Nasdaq Composite Hits a New Milestone: Can it Sustain its Pace?

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The markets reopened after the long Memorial-Day-weekend holiday, and the Nasdaq immediately got back to work, hitting a new milestone in the process.

The Nasdaq Composite index, which is viewed as a proxy for technology stocks, topped 17,000 points when the markets opened on Tuesday. It also ended the day over that threshold — officially marking a new all-time high.

The index finished a volatile day on Tuesday, rising about 0.6%, but it opened lower on Wednesday, falling back below 17,000. As of 10 a.m. Eastern, it had dropped about 0.5% and was back to around 16,930.

A meteoric run

Just three months ago, the Nasdaq Composite hit the 16,000-point level on Feb. 22, getting back to where it had been in November 2021 — before the market crashed and the bear market ensued. However, since retaking the 16,000-point threshold, the index has gained another 1,000 points or roughly 6%. In May alone, the Nasdaq Composite gained 8.6% after slumping in April.

Year to date, the index is up 14.5%, while it has surged 31.2% over the past 12 months. That beats the S&P 500, which has gained 11.4% YTD and 26.2% over the past year. The Dow is only up 3.1% YTD and 17.4% in the last 12 months.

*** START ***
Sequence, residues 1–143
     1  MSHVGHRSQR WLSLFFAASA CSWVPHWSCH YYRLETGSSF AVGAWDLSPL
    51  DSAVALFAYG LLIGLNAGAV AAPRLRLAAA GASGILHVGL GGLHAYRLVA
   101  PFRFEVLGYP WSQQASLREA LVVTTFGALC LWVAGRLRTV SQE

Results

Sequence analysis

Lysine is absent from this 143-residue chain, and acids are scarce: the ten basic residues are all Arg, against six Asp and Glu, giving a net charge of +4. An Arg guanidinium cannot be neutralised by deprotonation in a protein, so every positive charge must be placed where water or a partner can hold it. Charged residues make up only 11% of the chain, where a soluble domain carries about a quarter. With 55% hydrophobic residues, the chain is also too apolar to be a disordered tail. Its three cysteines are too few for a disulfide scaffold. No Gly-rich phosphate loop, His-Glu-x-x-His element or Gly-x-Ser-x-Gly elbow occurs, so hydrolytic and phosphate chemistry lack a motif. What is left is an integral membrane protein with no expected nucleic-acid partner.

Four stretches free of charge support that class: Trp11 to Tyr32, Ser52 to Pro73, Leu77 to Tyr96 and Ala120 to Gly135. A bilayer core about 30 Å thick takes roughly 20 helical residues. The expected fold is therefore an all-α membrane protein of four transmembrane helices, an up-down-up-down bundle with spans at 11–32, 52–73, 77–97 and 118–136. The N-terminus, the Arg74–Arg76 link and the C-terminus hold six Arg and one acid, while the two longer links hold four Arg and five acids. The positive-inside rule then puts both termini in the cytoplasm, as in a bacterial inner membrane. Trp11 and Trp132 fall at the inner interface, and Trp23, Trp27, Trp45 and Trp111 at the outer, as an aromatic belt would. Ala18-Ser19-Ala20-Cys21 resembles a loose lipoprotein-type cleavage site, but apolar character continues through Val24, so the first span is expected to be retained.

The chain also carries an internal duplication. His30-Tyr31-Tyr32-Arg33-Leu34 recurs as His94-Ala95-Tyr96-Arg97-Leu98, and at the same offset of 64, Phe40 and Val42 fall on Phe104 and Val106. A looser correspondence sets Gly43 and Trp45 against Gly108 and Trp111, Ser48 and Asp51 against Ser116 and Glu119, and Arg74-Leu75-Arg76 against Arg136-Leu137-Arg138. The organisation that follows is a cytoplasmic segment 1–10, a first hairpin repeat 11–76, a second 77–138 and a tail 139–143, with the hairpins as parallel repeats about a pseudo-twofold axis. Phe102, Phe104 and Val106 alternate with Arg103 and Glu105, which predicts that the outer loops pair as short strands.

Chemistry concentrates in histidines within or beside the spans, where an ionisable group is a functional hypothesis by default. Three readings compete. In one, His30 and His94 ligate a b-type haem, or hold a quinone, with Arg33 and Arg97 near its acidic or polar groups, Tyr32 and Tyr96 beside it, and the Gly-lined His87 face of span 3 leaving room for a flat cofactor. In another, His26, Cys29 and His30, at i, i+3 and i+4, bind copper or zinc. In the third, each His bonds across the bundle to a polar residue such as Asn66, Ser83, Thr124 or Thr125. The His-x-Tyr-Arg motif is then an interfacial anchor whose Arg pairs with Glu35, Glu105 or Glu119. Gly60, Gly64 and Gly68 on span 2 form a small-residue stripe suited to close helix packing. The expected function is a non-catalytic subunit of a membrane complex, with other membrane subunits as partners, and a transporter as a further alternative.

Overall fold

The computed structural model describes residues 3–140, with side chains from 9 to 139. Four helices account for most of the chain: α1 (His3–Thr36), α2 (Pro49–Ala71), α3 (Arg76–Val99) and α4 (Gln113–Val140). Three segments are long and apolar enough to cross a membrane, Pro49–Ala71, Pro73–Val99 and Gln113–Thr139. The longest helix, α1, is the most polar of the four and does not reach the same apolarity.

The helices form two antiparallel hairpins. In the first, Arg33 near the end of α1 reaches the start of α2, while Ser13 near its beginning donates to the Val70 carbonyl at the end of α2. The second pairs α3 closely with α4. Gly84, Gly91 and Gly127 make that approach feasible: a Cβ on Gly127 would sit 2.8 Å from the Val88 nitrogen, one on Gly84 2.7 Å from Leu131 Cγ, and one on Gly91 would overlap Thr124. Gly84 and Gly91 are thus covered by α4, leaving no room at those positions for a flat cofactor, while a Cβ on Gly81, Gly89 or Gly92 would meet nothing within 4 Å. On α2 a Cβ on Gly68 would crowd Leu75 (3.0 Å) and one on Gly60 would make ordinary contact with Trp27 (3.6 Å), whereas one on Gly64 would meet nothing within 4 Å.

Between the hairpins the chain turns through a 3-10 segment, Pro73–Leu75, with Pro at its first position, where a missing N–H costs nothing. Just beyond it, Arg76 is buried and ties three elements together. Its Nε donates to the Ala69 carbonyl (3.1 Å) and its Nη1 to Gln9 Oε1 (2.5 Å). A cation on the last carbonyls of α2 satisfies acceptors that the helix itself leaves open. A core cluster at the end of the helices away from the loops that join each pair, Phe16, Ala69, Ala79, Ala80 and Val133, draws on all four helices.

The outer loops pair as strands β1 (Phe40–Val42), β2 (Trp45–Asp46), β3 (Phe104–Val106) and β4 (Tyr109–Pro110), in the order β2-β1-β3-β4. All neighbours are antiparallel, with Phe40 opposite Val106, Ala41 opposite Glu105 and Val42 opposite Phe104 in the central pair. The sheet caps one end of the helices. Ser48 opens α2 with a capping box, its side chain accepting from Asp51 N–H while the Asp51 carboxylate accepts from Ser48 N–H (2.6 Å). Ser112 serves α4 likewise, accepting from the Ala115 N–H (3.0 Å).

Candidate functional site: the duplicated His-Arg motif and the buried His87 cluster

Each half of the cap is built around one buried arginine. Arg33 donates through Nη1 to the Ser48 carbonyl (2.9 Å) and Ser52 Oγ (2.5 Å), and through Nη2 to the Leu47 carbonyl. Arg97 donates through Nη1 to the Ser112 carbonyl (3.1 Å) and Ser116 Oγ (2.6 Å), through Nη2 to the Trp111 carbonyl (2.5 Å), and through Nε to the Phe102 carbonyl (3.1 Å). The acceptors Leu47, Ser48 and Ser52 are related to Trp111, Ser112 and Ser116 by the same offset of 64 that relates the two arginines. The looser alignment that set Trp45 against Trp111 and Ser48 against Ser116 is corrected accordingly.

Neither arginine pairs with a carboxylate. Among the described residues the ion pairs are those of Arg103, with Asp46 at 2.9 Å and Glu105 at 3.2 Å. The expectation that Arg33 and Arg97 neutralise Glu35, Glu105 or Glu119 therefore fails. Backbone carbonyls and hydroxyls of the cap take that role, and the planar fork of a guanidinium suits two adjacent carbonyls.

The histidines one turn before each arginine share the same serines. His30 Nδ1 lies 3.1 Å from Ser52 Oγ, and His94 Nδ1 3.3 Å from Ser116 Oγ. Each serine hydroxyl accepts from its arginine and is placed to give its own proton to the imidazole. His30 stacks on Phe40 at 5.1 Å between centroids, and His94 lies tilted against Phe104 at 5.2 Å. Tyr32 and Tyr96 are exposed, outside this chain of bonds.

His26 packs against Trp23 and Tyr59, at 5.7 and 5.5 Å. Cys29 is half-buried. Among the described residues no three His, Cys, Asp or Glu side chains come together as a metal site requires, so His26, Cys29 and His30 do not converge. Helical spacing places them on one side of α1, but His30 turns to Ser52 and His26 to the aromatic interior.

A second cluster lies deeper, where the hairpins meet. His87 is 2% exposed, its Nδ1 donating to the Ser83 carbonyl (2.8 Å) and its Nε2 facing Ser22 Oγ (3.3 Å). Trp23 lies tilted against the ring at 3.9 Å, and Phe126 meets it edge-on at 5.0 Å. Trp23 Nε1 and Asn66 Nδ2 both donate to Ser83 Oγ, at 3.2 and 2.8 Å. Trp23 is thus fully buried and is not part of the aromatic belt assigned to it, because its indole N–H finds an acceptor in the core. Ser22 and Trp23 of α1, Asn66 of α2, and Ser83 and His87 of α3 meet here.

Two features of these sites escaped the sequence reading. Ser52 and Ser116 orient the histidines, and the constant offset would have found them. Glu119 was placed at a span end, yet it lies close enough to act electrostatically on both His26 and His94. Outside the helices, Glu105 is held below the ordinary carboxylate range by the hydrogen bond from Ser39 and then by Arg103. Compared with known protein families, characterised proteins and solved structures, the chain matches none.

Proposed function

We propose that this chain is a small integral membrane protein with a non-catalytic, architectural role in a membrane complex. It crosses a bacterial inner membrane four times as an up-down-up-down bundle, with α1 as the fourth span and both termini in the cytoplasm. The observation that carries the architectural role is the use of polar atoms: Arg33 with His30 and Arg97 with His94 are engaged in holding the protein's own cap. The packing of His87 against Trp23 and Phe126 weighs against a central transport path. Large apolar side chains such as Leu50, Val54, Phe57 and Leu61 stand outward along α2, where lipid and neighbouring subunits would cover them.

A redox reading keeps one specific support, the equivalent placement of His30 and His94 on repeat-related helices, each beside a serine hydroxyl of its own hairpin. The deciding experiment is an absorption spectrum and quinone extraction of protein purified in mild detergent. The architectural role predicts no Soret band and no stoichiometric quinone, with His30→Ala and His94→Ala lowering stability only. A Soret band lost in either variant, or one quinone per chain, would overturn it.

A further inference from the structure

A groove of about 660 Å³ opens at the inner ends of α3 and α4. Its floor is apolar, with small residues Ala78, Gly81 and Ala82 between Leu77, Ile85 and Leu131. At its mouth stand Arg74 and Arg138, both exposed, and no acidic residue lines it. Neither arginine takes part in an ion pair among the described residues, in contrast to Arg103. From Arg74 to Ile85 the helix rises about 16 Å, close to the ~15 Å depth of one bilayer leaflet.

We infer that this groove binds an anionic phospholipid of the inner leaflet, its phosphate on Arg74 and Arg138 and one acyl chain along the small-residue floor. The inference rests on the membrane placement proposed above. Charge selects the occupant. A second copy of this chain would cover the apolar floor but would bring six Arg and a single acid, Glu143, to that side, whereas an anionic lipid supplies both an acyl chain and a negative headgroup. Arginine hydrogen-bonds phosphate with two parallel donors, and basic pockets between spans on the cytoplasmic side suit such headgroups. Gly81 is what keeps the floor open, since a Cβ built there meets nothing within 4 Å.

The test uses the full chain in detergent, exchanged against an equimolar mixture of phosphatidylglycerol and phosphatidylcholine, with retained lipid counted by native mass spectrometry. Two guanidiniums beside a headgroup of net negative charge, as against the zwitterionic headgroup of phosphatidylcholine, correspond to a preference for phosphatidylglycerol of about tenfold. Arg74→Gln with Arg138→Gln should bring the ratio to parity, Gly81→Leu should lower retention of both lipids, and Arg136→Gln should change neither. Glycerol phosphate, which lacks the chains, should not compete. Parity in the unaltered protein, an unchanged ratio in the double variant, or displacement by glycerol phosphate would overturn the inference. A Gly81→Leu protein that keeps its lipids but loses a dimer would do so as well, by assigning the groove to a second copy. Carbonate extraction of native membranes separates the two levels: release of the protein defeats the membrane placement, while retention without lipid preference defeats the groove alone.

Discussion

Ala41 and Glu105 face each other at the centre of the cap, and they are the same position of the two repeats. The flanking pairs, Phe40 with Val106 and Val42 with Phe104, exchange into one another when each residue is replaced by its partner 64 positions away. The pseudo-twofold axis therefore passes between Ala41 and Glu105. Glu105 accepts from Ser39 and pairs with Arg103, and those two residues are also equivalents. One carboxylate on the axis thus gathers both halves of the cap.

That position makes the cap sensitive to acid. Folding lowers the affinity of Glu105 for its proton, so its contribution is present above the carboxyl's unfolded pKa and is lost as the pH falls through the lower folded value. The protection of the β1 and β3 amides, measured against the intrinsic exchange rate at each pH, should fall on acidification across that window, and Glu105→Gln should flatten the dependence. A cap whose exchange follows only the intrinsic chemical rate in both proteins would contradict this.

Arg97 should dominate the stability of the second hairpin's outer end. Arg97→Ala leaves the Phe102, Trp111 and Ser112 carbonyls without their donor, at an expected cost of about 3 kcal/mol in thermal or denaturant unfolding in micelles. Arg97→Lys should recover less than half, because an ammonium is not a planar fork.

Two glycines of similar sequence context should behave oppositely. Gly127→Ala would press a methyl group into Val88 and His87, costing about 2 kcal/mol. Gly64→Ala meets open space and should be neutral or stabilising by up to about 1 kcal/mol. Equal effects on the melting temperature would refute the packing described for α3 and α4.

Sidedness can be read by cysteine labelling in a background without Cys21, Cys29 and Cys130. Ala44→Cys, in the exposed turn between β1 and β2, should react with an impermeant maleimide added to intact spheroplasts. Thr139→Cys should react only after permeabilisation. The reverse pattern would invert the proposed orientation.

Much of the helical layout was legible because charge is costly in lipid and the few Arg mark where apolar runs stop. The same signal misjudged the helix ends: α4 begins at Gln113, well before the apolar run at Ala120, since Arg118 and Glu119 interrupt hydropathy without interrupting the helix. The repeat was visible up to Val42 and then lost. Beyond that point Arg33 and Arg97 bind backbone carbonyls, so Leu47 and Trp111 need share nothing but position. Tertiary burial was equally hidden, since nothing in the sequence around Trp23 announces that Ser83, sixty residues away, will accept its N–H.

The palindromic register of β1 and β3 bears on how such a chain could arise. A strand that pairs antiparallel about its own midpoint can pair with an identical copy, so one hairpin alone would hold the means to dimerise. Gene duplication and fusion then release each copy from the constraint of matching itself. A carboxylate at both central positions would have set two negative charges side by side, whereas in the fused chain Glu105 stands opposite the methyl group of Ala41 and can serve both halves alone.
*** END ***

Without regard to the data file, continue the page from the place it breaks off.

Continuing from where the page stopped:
In what was a mixed day on Tuesday for the markets, the Nasdaq rose largely on the strength of NVIDIA (NASDAQ:NVDA). The chipmaker’s stock climbed 7% on the strength of its blowout first-quarter earnings report last week and its 10-for-one stock-split announcement.

The Nasdaq Composite may have also received a boost on Tuesday from a surprisingly good Consumer Confidence report, which showed the first increase in three months. In fact, economists had been expecting another decline.

As such, this reading could bode well for the inflation data set to be released on Friday, when the U.S. Bureau of Economic Analysis is due to issue the latest Personal Consumption Expenditures index for May.

Can the Nasdaq keep charging?

Few pundits predicted this kind of run for the Nasdaq in 2024, following a huge 54% return in 2023. Most projected a sluggish first half of the year and a better second half, with the index recovering in the second half amid expectations of interest-rate cuts.

As we enter the last month of the first half of the year, what can we expect?

A recent poll by Barron’s of money managers and institutional investors called for the Nasdaq Composite to end the year at 17,143, which would be up another 1% from the current level. However, this poll was taken on May 1, so it did not include the 8.6% May increase for the index.

On Wednesday morning, the markets were trending lower as 10-year Treasury yields spiked again to 4.594%, up some five basis points from Tuesday after notching the biggest jump since April. Rising Treasury yields, particularly over the 4.5% level, are seen as bad for stocks.

There are certainly a lot of mixed economic messages out there right now for investors to parse through, but the big data point is valuation, at least from this vantage point. The Nasdaq’s P/E ratio has crept up to 31, which is up from last year and higher than the average.

Investors are advised to keep an eye on the P/E levels for individual stocks, and of course, watch for the inflation data Friday.